Seth’s fabulous and penetrating new book called This is Marketing, will be released tomorrow, no doubt another best-seller, a must-read for any lawyer who cares to make change for the better.
In the meantime, many thanks to Fred McGrath for his interest and generosity in sitting down with me to capture a conversation about DuetsBlog, editing our discussion in 3 videos, here’s the first:
An NFL team and an NBA team are duking it out over trademarks with the word “UPRISING” to be used with eSports.
What is eSports you may ask? It is professional competitive video gaming. Anyone with a teenager has probably heard of Fortnite. Fortnite is a world-wide phenomenon. Over three nights during TwitchCon (which is a Fortnite competition), Fortnite averaged around 65,000 viewers per day across Twitch, YouTube and Facebook. However, there are also numerous other video games such as Hearthstone, Tom Clancy’s Rainbow Six Siege, Star Craft II and Overwatch, among others. Indeed, Overwatch is related to the trademark dispute involving the owner of the New England Patriots.
The dispute involves the marks BOSTON UPRISING and NORTH UPRISING. Specifically, last month, the billionaire owner of the New England Patriots Robert Kraft’s company, Kraft Group, filed a Notice of Opposition against an application filed by the NBA’s Toronto Raptors for the mark NORTH UPRISING (stylized) in connection with clothing and other merchandise that is to be used with video games. The Kraft Group alleges that the stylized mark in the application is similar in stylization and font of its applied for stylized mark for BOSTON UPRISING.
The NFL team’s owner applied for the mark BOSTON UPRISING in connection with entertainment services including electronic and video games, and various clothing and other merchandise. This BOSTON UPRISING mark will be used with an eSports team that operates in a professional Esports league for the video game Overwatch.
The Kraft Group and related entities know how important trademarks are to their business. They own many trademarks related to the New England Patriots football team such as:
- NEW ENGLAND PATRIOTS® (U.S. Reg. No. 2,766,441)
- PATRIOTS (& Design) (U.S. Reg. No. 4,668,420)
- ROAD TO PERFECTION (U.S. Reg. No. 4,250,317)
- PASS IT ON (U.S. Reg. No. 3,349,437)
- TROPHY TOWN (U.S. Reg. No. 3,823,236)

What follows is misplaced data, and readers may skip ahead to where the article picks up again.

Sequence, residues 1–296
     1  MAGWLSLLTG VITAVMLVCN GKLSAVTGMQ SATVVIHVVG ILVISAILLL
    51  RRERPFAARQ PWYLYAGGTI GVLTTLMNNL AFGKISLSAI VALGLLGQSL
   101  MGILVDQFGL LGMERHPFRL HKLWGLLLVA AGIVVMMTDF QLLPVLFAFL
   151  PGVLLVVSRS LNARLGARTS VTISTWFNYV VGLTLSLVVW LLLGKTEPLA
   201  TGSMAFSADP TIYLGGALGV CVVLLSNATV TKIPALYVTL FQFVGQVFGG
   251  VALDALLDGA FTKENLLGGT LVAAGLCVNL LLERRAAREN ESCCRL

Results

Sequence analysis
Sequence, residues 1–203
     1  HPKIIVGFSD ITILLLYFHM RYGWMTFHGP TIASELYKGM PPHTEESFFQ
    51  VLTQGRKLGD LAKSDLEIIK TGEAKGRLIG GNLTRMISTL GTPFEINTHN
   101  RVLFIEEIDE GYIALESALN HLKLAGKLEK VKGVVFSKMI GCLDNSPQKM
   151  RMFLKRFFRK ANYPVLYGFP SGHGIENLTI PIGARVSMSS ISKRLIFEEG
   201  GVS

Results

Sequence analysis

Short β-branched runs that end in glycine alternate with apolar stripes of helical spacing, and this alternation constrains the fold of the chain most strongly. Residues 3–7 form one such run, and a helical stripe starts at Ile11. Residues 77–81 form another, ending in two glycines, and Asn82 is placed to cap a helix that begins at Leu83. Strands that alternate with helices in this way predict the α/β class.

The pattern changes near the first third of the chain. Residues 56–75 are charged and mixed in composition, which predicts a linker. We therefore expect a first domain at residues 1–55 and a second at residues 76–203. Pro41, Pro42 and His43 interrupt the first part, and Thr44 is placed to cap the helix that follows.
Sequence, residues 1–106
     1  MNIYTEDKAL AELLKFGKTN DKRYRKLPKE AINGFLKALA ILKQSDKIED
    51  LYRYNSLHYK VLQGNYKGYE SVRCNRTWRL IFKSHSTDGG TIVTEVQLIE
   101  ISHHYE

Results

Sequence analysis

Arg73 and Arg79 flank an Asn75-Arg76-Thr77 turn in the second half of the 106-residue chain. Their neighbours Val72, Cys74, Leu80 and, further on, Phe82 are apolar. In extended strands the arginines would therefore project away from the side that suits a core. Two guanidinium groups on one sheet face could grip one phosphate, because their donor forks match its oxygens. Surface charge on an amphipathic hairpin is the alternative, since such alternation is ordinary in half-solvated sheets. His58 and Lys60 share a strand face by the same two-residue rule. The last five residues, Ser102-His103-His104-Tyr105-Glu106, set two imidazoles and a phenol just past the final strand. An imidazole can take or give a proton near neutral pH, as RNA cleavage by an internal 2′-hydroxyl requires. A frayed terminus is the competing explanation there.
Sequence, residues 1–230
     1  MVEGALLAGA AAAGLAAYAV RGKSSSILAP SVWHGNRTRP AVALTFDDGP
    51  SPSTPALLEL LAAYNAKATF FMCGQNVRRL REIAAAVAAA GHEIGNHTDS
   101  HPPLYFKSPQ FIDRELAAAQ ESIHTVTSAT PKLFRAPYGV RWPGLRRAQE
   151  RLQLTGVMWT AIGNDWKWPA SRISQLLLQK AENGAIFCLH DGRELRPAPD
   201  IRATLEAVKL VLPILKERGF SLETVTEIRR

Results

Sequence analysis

- PATS (U.S. Reg. No. 3,144,361)
- BOSTON THREE PARTY (U.S. Reg. No. 3,773,822)
- KRAFT SPORTS PRODUCTIONS (U.S. Reg. No. 4,619,577)
- 3GAMES TO GLORY (U.S. Reg. No. 3,031,278)
- Design mark below (U.S. Reg. No. 2,755,546), among others
The New England Patriots team is savvy with its trademarks. You may recall that the team applied for, and obtained, a registration for the mark PERFECT SEASON even though the perfect season never materialized for the Patriots. To still obtain the registration, the Patriots licensed the use of the PERFECT SEASON mark to the Massachusetts Interscholastic Athletic Association, which produced a DVD of the 2015 state football championship game between two high school teams–Xaverian Brothers and Central Catholic. Xaverian prevailed and accomplished a perfect season, winning its 24th straight game (spanning two seasons) as previously discussed on DuetsBlog.
It will be interesting to see which team prevails for its UPRISING mark in the video gaming world.
–James Mahoney, Razor’s Edge Communications
Every now and then, I find pearls floating in the tide of print advertising. These two, for example.
First is the Kiton ad, one of a series the company is running. I liked the whole look and feel of it right away, but didn’t know anything about the company.
I like it even better after doing a little research and learning that Kiton prides itself on its fabrics and the quality of the clothing it creates using them.
These ads work on multiple levels. First, they stand out both for their striking simplicity and for the visual puzzle: why the red dot covering the head? (At least, it’s red to my color-challenged eye.)
Beyond that, the more you look at one of the ads, the more attention to detail you see. There’s deep creative thought behind these.
More important, the first ad you see imprints visual clues that unmistakably identify every subsequent ad you see as a Kiton. In the sea of luxury-good advertising, you too often have to glance at the company name to see whose ad it is.
As I’ve mentioned before, one of the big creative questions is, “How can we indelibly link the company or product name to the creative idea?” Kiton’s campaign achieves this, not least by linking the red-dot head with the red dot on the Kiton i.
Incidentally, the dot over the head probably has an additional benefit for Kiton. Rates and residuals for models vary depending on the image used. Because the Kiton models are unidentifiable, their rate is likely lower than if we could see their faces. Small change in the larger scheme of things, but a benefit for Kiton nevertheless.